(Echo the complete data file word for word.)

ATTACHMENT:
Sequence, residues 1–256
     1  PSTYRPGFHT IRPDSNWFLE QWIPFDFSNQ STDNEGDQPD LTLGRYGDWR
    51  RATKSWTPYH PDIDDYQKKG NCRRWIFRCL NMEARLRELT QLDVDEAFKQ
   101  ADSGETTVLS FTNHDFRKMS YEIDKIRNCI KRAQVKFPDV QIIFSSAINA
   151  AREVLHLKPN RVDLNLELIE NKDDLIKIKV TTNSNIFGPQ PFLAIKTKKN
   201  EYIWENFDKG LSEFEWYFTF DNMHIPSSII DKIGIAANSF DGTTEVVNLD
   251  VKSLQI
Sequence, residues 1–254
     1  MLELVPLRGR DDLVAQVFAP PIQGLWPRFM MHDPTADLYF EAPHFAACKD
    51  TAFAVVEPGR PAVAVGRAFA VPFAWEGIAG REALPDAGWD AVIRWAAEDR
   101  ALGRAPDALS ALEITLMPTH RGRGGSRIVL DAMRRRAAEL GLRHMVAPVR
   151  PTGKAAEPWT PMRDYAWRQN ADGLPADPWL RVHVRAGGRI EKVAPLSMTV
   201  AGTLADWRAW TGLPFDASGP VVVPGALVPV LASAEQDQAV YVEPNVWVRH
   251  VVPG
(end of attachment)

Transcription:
Sequence, residues 1–256
     1  PSTYRPGFHT IRPDSNWFLE QWIPFDFSNQ STDNEGDQPD LTLGRYGDWR
    51  RATKSWTPYH PDIDDYQKKG NCRRWIFRCL NMEARLRELT QLDVDEAFKQ
   101  ADSGETTVLS FTNHDFRKMS YEIDKIRNCI KRAQVKFPDV QIIFSSAINA
   151  AREVLHLKPN RVDLNLELIE NKDDLIKIKV TTNSNIFGPQ PFLAIKTKKN
   201  EYIWENFDKG LSEFEWYFTF DNMHIPSSII DKIGIAANSF DGTTEVVNLD
   251  VKSLQI
Sequence, residues 1–254
     1  MLELVPLRGR DDLVAQVFAP PIQGLWPRFM MHDPTADLYF EAPHFAACKD
    51  TAFAVVEPGR PAVAVGRAFA VPFAWEGIAG REALPDAGWD AVIRWAAEDR
   101  ALGRAPDALS ALEITLMPTH RGRGGSRIVL DAMRRRAAEL GLRHMVAPVR
   151  PTGKAAEPWT PMRDYAWRQN ADGLPADPWL RVHVRAGGRI EKVAPLSMTV
   201  AGTLADWRAW TGLPFDASGP VVVPGALVPV LASAEQDQAV YVEPNVWVRH
   251  VVPG